Gold miners are returning to life after a long slumber and could reward gold bugs and other bulls with superior returns in coming months. Sector gains may be widespread, with participation at all capitalization levels and the potential for the strongest components to post six- and seven-year highs. Better yet, there’s no rush to get on board because major mining funds are now trading at resistance and could offer more advantageous entries at lower prices.
The gold futures contract is trading above $1,350 for the first time since February 2019. More importantly, it has now completed a six-year basing pattern that will set off major buying signals when the uptick lifts above the 2018 high near $1,400, or $130 on SPDR Gold Trust (GLD). (See also: Gold Completes 6-Year Basing Pattern.) However, the breakout could take time to unfold, allowing sector aficionados to place limit orders at lower levels on major funds or their favorite miners.
The VanEck Vectors Gold Miners ETF (GDX) came public in the mid-$30s in May 2006 and entered a narrow trading range, ahead of a 2007 breakout that reached $56.87 in March 2008. It crashed with world markets during the economic collapse, bottoming out at an all-time low in the mid-teens, ahead of a 2009 recovery wave that reached the prior high at yeas end. The fund broke out in the fourth quarter of 2010 and eased into a volatile pattern that posted an all-time high in the upper $60s in September 2011.
A 2012 breakdown signaled the start of a multi-year decline that continued into January 2016’s bottom at $12.40. The fund posted exceptionally strong upside into the summer of 2016, more than doubling in price into a three-year high in the lower $30s. Price action since that time has been sandwiched between the 2016 high and low, while the pattern since 2017 has carved a long trendline of slightly lower highs.
The latest bounce has reached this resistance level for the fifth time, raising odds for a breakout at the same time as the underlying commodity. The first upside target lies at the 2016 high, offering a potential 33% profit after a breakout, but the monthly stochastic oscillator has crossed into a sell cycle, predicting that it’s too early to buy the fund or popular components. As a result, it makes sense to sit on our hands and wait for lower prices.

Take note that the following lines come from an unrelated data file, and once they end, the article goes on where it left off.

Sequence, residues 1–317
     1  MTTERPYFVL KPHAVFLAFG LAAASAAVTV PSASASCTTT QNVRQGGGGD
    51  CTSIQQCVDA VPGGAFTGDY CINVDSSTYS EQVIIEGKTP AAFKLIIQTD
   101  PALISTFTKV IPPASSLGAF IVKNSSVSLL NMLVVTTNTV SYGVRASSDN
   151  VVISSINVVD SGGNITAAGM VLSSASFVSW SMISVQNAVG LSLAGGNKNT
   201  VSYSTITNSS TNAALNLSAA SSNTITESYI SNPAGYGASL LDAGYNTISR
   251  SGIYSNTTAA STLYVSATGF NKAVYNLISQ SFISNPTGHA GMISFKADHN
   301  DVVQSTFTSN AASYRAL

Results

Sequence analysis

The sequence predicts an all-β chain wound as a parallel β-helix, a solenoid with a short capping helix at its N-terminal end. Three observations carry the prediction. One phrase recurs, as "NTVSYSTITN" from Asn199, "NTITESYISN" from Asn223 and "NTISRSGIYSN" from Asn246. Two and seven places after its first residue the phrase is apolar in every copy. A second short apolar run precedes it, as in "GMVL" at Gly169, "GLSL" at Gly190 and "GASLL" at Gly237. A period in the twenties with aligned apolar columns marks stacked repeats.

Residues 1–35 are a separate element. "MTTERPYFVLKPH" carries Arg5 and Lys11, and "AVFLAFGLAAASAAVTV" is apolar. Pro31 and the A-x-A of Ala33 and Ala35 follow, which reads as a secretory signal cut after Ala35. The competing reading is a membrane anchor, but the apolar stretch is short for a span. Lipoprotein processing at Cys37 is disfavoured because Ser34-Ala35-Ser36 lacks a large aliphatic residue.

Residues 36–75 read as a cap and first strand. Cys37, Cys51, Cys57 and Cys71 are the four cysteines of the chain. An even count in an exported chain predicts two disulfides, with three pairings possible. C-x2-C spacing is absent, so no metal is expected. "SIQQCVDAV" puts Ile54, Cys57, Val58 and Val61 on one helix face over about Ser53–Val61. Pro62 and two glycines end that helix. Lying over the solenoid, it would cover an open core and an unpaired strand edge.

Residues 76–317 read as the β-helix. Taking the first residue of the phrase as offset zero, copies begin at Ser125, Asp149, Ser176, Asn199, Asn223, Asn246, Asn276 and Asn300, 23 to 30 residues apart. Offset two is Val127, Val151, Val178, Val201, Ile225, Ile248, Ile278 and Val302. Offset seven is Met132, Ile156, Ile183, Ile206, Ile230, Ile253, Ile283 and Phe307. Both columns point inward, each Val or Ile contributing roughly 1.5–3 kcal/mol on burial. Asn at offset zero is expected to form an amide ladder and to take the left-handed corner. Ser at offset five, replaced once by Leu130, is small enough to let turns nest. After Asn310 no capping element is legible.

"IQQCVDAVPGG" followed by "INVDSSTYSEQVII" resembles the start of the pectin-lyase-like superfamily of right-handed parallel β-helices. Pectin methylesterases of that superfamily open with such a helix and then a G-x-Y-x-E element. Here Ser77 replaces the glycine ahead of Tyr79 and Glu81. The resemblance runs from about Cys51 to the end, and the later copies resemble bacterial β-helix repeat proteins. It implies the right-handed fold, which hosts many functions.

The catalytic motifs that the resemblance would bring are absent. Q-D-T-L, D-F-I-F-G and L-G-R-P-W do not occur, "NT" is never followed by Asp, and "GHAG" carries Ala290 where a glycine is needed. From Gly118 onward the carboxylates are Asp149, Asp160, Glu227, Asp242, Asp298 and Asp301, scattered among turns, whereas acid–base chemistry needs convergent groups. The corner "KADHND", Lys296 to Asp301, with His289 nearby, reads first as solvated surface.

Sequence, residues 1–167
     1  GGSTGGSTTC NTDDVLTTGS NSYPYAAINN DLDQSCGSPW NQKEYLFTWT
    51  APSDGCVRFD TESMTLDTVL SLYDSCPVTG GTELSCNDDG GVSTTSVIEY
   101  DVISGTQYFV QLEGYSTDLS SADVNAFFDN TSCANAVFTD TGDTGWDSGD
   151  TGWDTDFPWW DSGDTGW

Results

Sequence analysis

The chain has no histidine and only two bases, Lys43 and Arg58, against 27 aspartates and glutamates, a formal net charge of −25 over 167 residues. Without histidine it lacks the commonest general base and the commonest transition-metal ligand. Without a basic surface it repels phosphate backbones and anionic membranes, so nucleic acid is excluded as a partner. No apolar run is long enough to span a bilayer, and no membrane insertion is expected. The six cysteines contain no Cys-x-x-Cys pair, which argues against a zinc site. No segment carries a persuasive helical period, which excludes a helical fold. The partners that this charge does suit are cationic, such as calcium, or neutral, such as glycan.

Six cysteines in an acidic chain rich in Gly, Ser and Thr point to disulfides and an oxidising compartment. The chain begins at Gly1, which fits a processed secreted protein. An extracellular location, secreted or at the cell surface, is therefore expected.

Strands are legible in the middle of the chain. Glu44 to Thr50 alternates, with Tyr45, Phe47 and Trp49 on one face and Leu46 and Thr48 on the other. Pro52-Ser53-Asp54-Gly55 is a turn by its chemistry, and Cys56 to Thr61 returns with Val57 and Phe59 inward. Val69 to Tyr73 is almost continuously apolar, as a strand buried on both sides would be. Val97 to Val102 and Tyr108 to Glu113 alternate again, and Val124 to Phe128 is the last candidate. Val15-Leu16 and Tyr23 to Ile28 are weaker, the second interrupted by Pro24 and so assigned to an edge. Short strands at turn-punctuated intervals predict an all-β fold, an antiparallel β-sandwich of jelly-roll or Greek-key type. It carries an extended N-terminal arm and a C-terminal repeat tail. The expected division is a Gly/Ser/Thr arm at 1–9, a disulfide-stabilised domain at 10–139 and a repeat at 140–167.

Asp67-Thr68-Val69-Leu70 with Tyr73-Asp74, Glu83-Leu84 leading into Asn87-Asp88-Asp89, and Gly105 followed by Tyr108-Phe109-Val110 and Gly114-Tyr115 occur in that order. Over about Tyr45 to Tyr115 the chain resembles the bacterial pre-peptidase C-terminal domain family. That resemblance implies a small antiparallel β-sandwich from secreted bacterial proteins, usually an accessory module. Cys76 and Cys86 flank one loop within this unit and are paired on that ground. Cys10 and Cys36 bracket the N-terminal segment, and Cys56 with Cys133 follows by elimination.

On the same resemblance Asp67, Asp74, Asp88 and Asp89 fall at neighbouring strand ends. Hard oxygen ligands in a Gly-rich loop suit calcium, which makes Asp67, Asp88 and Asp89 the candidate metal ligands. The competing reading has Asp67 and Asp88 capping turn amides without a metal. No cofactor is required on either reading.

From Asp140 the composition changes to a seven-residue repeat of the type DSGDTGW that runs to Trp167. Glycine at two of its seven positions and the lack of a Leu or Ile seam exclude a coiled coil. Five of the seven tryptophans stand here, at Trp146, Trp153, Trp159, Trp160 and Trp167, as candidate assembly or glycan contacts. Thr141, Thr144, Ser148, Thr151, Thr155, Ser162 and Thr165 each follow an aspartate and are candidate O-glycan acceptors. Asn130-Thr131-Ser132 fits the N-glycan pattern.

The VanEck Vectors Junior Gold Miners ETF (GDXJ) entered the public exchanges at $104 in November 2009 and topped out at $118.76 a month later. It cleared that resistance level in September 2010 and exploded to the upside, posting an all-time high at $179.44 in December. The fund carved a topping pattern into September 2011 and broke down, entering a severe downtrend that yielded a one-for-four reverse stock split in July 2013.
The fund bottomed out at $16.87 in January 2016 and turned sharply higher into August, topping out at a three-year high in the low $50s. Bearish price action since that time has carved a long and lazy series of marginally lower highs and lows that have held above the .618 rally retracement level, keeping the bullish 2016 buying impulse in play. However, unlike GDX, it’s hard to draw a trendline of highs that define a narrow breakout level.
The monthly stochastic oscillator shows a more advanced sell cycle than the larger-cap fund and has now dropped into the lower half of the panel. This is a “no buy” zone because it predicts that prices will drop further when the indicator approaches the oversold line. Taken together with the missing trendline, it makes sense to avoid junior miners except for group leaders, at least until the fund mounts the 50-month exponential moving average (EMA) in the mid-$30s.
The Bottom Line
Gold miners have turned higher in sympathy with the gold futures contract and could hit multi-year highs in the coming months.
The VanEck Vectors Gold Miners ETF (GDX) fell $0.01 (-0.04%) in after-hours trading Friday. Year-to-date, GDX has gained 0.39%, versus a 8.83% rise in the benchmark S&P 500 index during the same period.